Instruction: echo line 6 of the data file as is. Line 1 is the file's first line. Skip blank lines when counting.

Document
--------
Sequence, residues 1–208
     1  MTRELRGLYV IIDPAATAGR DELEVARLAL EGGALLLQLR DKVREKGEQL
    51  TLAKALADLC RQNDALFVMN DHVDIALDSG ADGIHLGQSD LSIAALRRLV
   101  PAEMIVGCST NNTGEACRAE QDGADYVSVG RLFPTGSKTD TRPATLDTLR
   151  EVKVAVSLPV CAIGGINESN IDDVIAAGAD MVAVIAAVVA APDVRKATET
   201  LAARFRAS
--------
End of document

   201  LAARFRAS